Fig. 4
figure4

a The traced outlines of anterior compartments of the affected and normal limbs in the axial plane, which were used to measure anterior compartment cross-sectional areas (CSAs). The cross-sectional area ratio (CSAR) of the affected limb to the normal limb was calculated to evaluate the recovery of skeletal muscle volume. b T2-weighted image obtained in the coronal plane. Two regions of interest (ROIs), each with an area of 1 cm2, were chosen at identical locations in the affected and normal limbs . Vascular and fascial structures were kept outside the ROIs. The average T2-weighted signal intensity (T2SI) of the ROI was calculated for the affected limb and for the normal limb; the ratio of these T2SIs—the average T2-weighted signal intensity ratio (T2SIR)—was used to assess the recovery of skeletal muscle internal structures. Note the high-signal lesion in the medullary cavity of the affected tibia after the removal of the intramedullary nail

Statistical analysis

The data were analyzed with SPSS® version 21.0 (SPSS Inc, Chicago, IL, USA). Continuous data are presented here as minimum–maximum (mean ± standard deviation). The Pearson product-moment correlation coefficient (PPCC) was used to investigate bivariate linear relations between the ICP data and the radiographic data. To evaluate the association of ICP elevation with the recovery of skeletal muscle, simple linear regression analyses of various ICP data and MR imaging data were performed. The significance level for all calculations was defined as P < 0.05.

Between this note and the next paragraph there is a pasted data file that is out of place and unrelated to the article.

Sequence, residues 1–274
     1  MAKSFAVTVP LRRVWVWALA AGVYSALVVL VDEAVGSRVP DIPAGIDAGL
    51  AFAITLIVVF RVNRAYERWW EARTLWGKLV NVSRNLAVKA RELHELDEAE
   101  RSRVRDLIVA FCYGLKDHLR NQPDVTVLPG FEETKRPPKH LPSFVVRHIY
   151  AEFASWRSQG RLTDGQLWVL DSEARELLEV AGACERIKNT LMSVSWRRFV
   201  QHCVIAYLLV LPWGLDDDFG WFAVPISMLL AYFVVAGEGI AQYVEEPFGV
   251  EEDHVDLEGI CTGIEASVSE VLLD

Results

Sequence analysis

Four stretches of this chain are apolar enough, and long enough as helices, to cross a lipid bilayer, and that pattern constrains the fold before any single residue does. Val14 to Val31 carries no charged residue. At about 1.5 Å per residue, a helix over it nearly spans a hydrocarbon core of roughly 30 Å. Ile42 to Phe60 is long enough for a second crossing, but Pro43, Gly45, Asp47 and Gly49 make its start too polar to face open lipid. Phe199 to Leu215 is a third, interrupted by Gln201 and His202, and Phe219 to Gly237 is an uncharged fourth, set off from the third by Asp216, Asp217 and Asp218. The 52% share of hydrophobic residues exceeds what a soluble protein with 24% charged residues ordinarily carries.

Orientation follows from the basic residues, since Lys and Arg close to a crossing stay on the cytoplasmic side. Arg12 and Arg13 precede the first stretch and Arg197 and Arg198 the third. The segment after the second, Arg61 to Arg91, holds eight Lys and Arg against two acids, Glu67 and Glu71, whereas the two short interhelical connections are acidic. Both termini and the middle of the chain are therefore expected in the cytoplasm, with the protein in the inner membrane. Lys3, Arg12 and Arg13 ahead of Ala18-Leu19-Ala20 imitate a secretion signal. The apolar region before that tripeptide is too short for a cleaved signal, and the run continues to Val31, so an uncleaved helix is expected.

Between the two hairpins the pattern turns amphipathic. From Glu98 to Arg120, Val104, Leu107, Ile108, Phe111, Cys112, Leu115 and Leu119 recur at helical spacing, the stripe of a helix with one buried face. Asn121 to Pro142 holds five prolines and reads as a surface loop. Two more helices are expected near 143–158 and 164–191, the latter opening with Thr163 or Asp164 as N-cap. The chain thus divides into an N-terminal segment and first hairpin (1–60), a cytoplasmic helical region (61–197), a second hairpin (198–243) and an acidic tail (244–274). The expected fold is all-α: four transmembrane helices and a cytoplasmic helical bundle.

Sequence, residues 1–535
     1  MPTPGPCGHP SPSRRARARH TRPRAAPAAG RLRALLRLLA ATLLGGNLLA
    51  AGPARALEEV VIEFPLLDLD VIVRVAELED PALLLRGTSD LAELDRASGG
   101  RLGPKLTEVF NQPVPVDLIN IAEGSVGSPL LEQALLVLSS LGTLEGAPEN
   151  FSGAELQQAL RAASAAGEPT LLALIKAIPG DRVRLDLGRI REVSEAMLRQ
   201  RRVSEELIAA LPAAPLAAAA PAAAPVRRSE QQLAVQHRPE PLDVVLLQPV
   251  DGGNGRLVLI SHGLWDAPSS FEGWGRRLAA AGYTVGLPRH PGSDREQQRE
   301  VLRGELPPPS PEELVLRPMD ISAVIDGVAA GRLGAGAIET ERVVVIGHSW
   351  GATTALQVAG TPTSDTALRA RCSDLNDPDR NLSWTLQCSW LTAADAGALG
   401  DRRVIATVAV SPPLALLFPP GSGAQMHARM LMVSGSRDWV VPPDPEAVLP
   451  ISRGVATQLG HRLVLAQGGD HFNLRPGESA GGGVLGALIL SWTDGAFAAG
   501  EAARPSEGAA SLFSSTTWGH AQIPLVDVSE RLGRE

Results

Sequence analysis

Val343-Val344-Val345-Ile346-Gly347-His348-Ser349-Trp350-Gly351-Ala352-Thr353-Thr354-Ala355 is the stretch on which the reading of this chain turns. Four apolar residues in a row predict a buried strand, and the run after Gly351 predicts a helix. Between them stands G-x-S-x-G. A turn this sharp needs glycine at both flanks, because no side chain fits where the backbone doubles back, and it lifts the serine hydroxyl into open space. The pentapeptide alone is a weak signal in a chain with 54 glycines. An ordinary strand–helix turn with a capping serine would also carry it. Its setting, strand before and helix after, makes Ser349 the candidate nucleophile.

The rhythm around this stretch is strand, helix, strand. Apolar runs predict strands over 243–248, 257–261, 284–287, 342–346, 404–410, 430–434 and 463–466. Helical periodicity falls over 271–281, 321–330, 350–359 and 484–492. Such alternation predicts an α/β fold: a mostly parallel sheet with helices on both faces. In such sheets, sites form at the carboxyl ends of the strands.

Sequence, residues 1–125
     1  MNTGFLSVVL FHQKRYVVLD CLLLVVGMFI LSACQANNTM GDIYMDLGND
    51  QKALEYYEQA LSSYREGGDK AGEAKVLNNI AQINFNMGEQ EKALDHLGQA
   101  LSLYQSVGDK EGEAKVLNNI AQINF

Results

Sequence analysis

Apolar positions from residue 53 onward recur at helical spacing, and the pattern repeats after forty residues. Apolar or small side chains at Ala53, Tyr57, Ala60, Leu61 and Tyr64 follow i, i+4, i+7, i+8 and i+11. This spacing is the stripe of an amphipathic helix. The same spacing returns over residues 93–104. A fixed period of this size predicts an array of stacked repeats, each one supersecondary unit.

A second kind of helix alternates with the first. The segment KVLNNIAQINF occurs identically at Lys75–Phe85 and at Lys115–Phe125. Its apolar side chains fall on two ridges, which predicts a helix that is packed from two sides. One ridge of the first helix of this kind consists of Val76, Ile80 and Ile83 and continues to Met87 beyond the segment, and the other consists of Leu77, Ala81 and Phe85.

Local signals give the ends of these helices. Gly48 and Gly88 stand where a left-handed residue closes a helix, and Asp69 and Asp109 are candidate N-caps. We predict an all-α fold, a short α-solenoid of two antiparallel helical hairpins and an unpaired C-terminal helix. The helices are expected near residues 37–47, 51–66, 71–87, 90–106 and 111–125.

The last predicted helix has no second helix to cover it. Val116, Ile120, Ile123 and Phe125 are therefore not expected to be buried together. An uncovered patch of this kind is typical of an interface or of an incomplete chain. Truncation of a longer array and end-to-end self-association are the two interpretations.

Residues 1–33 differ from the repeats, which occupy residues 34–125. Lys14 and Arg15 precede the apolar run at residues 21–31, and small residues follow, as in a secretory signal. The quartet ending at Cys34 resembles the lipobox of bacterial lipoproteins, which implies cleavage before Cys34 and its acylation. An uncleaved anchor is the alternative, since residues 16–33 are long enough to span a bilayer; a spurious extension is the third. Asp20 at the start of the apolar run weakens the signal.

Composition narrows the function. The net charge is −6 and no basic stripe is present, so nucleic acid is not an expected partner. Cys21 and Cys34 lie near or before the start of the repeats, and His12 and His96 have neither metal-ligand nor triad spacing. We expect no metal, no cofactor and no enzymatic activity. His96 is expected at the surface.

Results

In this ambispective cohort study, 51 patients met the criteria to be recruited, and a total of 46 patients underwent intramedullary nail removal and MR imaging after 11–30 (19.23 ± 5.01) months of follow-up. Five patients failed to meet the study criteria during follow-up because of a new limb injury, coronary stenting, stroke, and contact loss. All patients were treated with close reduction and intramedullary nail fixation when the operating conditions permitted, eventually achieving bone union. The fracture healing process lasted 15–46 (23.17 ± 5.82) weeks (Table 1). Two cases presented delayed union after intramedullary nail fixation; in those cases, the distal interlocking screws were removed and union was achieved after dynamization. The removal of the intramedullary nail was completely successful in all patients; there were no complications such intramedullary nails or screws remaining in the body, vascular or nerve injuries, hematoma, or infection.

Table 1 Demographics of the patients who were recruited and completed the study (n = 46)

The 46 patients underwent MR imaging 6–11 (8.48 ± 1.53) weeks after the removal of the internal fixator. Measurements and calculations of the CSAR (0.59–1.02; 0.85 ± 0.10) and T2SIR (0.98–1.63; 1.17 ± 0.15) of the affected and normal limbs were obtained in all cases (Table 1). These showed that the CSAR presented a downward trend and the T2SIR an upward trend with increasing ICP.

The absolute values of the Pearson product-moment correlation coefficients between various ICP data and CSAR ranged between 0.588 and 0.793, while the correlation coefficients between various ICP data and T2SIR ranged between 0.566 and 0.775. Among all the ICP data, the accumulated ΔP showed the strongest correlations with CSAR and T2SIR (Table 2). Simple linear regression analysis showed that the maximum ICP, the minimum ΔP, the accumulated ICP, and the accumulated ΔP were statistically significantly associated with CSAR and T2SIR. The determination coefficients for the prediction of CSAR and T2SIR from the accumulated ΔP were the highest among all the ICP data (Table 3, Fig. 5).